LinkedinTwitterThe DetailsConnectBlog Facebook Meet the TherapistHome For Writers

Thursday, April 9, 2009

Thursday Therapeutic Thought - Grief

This week's Thought will piggyback off last week's when I discussed grief. Hopefully you've started thinking more about secondary losses and how these play into your character's reactions as they grieve on the page.

Today, we'll look at the traditional "stages" of grief. Dr. Elizabeth Kubler-Ross was the one to coin these, so I can't take credit. :)

The first traditional stage is Denial. Once the initial shock wears off, the character (or real life person) would pretend they hadn't just been given horrible news. A lot of times, they will just go back to work like nothing happened. This is really just avoidance behavior, trying to put off the inevitable.

The second stage is Anger. Whoever gets in the way here will likely be to blame. This can be explosive like a active volcano or simmering like lava. People will often question, "Why me?" and what they aren't saying is "Why not you?" They will be angry at anyone not affected by their tragedy, angry at God for allowing it to happen, angry at the deceased loved one for dying. Sky's the limit on how this might be manifested.

Third stage is Bargaining. This is when the character might seek ways out of their predicament, often in vain. They might bargain with God, hoping that if they agree to some action, God will reverse what happened. It's important not to write in someone in your manuscript offering the grieving person something they can't fulfill when the character is in this stage. Offering a person false hope during this time would be terrible.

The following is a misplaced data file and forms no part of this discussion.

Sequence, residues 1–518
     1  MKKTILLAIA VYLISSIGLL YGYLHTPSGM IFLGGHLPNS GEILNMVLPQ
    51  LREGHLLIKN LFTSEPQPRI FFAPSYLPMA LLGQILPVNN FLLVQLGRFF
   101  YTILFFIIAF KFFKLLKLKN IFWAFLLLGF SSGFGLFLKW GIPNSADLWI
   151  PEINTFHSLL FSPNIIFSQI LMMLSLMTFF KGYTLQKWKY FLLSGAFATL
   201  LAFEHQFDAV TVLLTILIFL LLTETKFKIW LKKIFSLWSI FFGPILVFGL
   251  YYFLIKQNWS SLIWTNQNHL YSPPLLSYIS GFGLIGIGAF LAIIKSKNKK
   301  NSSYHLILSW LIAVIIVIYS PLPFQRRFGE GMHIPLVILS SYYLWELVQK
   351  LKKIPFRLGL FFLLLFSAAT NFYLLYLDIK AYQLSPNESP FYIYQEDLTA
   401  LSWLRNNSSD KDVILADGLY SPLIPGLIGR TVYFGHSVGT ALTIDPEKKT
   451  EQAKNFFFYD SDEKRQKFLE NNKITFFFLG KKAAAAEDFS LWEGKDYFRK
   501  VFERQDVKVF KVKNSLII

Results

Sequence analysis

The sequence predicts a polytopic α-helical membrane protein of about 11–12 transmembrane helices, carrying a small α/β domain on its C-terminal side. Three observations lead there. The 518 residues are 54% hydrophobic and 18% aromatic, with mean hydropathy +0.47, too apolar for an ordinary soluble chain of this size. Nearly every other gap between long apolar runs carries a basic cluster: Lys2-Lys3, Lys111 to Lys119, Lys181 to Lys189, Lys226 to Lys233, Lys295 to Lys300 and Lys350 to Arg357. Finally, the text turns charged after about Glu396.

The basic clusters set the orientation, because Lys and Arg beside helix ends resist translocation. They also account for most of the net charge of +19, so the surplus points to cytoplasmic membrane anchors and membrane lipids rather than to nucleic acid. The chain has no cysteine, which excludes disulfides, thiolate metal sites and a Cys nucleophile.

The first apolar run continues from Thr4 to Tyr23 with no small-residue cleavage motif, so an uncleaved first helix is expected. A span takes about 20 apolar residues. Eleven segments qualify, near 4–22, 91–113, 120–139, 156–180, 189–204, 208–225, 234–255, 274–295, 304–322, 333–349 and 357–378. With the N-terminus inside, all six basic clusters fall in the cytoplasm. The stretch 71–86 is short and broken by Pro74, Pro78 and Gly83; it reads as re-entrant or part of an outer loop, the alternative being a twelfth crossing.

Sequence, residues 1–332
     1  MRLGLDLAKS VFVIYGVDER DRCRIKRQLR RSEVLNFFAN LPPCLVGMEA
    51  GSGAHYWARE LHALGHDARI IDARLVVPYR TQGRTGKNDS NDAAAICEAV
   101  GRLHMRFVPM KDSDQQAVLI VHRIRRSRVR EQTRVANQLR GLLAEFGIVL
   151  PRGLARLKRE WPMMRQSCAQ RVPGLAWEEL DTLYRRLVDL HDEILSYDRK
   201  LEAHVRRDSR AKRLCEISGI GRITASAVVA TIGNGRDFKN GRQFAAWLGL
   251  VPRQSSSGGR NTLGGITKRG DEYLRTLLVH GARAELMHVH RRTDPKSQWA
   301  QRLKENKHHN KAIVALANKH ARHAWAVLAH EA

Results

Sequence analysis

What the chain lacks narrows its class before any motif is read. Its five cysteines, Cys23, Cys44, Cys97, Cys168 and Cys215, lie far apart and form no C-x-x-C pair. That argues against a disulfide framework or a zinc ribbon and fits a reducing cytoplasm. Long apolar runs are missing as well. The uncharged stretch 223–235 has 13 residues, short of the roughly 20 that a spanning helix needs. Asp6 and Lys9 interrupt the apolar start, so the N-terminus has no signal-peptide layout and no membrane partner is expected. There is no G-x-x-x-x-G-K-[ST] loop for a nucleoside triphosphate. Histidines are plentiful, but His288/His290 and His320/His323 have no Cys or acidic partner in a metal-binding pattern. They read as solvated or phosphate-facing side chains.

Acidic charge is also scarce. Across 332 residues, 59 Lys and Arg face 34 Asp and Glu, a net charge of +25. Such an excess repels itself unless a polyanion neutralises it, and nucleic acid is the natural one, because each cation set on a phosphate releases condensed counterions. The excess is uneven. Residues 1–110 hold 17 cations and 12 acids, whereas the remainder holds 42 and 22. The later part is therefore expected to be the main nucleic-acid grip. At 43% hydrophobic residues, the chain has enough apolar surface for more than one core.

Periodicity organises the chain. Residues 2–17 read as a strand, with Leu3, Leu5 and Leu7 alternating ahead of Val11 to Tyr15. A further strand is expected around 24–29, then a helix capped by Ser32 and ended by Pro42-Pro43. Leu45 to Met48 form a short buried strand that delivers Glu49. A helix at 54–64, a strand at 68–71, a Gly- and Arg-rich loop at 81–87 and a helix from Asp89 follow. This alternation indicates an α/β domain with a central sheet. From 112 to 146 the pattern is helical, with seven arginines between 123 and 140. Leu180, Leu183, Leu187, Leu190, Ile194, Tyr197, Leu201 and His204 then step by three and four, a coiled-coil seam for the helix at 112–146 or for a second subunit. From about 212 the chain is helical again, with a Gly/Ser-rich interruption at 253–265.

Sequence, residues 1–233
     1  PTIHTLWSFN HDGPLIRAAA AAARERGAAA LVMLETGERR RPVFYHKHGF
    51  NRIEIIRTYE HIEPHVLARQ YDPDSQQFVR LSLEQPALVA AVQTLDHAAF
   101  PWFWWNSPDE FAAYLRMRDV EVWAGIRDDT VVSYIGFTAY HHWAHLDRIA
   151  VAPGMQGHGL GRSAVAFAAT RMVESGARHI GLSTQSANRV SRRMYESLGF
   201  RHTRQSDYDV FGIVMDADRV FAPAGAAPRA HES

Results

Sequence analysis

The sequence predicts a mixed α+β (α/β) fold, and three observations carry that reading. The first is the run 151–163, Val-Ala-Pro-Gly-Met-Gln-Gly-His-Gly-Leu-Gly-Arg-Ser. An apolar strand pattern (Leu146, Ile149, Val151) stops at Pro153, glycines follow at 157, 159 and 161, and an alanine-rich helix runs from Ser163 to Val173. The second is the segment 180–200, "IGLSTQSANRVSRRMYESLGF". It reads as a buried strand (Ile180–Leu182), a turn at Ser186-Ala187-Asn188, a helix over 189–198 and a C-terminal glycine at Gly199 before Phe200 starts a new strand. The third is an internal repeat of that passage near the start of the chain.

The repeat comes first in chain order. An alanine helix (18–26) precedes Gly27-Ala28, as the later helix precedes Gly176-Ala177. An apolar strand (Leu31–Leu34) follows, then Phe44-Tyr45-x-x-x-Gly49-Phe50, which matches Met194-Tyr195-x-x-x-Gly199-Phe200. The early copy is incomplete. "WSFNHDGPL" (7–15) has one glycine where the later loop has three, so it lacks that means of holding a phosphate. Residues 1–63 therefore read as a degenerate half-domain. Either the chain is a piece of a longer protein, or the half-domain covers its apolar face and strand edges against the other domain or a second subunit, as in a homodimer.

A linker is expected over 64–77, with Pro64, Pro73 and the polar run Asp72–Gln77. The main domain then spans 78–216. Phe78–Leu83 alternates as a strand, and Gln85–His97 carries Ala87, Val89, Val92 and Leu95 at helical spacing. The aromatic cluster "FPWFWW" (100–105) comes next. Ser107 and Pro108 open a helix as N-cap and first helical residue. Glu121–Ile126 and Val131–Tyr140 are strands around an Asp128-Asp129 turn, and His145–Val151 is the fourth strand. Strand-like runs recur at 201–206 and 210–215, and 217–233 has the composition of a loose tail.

Fourth is the Depression stage, perhaps the stage we most often associate with grief. This is when the character realizes what has happened is irreversible and they turn in to themselves. Anger and Bargaining are fairly animated phases, but depression is despair and hopelessness, an inactive phase of grief. Everything will be globally looked at from this lens.

The fifth stage is Acceptance. This is when the character comes to a place of being able to move forward with their lives despite the loss. This is when terminally ill patients begin making plans for their estate and doing things they have always wanted to do (think about the movie Bucket List).


I like to think about these phases as on a continuum. People don't always move through them one to the next (as the hurdles in the picture might suggest). Many cross between them or skip one or take two steps forward and one step back ("We go together because opposites attract..." Oh, wait. Got off track here!). Grief is so individualized, making it hard to pinpoint an exact process, so remember that while you're writing.

Good luck to you as you make your character's emotions as real as possible by incorporating some of these grief phases into your manuscript!

Wordle: signature


Katie said...

I was just looking up the stages of grief on the internet - for Robin. Great post! No work for me tomorrow - so I'll be able to critique ch. 14. Yea - can't wait!

Lady Glamis said...

You have an awesome blog here! I can't wait to start editing on my first WIP again so I can send you questions. I have a bunch about Stockholm Syndrome. :D

Jeannie Campbell said...

thanks, lady glamis! and katie - glad i could save you some work on the grief stages. :)

Mary Connealy said...

Hi, Jeannie. I like this post. I tried to work through the stages of grief in a recent book, with my character, showing her going through deniel, anger, etc. I tried to do it subtley but I may have skipped a few steps. I'll remember the list is here. Thanks.

Jill Kemerer said...

Thanks Jeannie. The hero in my book is still very angry about his parents' divorce ten years earlier. It's as if he just stopped growing emotionally from that day. I'm going to print off this post to refer to as he slowly comes to grip with how he's mis-managing his life.

I'm glad you mentioned people skip steps, too, because I didn't picture him going through any depression stage.

Have a very blessed Easter!

Jeannie Campbell said...

mary - thanks for stopping by! and you're welcome!

jill - some people DO get stuck in one of the phases...your character's anger is really typical of the most common stuck place (the other is depression). but good luck to you as you bring about his healing!

Post a Comment

Both comments and questions are welcome. I hope you enjoyed your time on the couch today.